Se Voto es Libre y Secreto

Se Voto es Libre y Secreto

Your Vote is Free and Secret.  This is written on the voting booths in Mexico.  July 1 was the Federal election day in Mexico and it was an interesting affair for this American tourist.

A few key differences from American elections:

1. Alcohol can not be sold the day before or the day of the election.  Bar shelves are empty, and store empty theirs or put up signs.

 

2. The lines to vote were loooooooooong!  I've stood in a long line (maybe 4 hours) to vote before, but I was inside in air conditioning.  The voters in Playa Del Carmen were waiting for hours outside in the sun in mid-ninety degree temperatures. There were vendors along the line selling water, soda, fruit and other foods.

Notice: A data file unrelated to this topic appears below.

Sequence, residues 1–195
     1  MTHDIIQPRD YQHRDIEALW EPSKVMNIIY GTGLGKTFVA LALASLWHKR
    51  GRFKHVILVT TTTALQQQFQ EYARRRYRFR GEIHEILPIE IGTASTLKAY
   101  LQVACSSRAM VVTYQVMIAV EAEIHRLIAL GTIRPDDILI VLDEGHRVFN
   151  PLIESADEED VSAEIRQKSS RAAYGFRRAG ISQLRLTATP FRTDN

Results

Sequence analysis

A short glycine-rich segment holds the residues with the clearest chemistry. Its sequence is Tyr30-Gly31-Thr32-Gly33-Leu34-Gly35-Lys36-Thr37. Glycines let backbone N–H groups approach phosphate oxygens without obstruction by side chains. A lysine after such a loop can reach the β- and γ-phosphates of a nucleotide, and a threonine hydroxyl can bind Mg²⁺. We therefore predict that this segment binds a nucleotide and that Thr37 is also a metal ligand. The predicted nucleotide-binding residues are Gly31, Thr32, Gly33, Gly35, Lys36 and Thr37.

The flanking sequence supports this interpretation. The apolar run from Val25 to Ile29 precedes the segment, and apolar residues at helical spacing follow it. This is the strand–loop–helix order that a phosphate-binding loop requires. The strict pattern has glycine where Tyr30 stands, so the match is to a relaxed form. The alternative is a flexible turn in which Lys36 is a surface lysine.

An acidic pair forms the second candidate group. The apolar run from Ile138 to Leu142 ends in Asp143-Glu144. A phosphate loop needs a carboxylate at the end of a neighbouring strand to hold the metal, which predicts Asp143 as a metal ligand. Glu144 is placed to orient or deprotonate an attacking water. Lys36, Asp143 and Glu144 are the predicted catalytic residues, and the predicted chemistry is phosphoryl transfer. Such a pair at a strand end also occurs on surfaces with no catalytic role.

3. Under the watchful eye of the police, there was a march to the voting booth, with over 200 people chanting in unison all the way down the main tourist avenue and to the the voting booths where they made a bit of a scene.

4. There were only two voting booths in the polling place I saw.  Yes, there were hundreds of people in line, yes there were multiple lines, and yes, only two people at a time could vote.  This was the most surprising part to me, but people still waited in line for their turn in the booth.

A new President was elected and today everyone in this sleepy beach town goes back to their regular lives.

Sick Day in Mexico City

Sick Day in Mexico City

Hola, From Playa!

Hola, From Playa!

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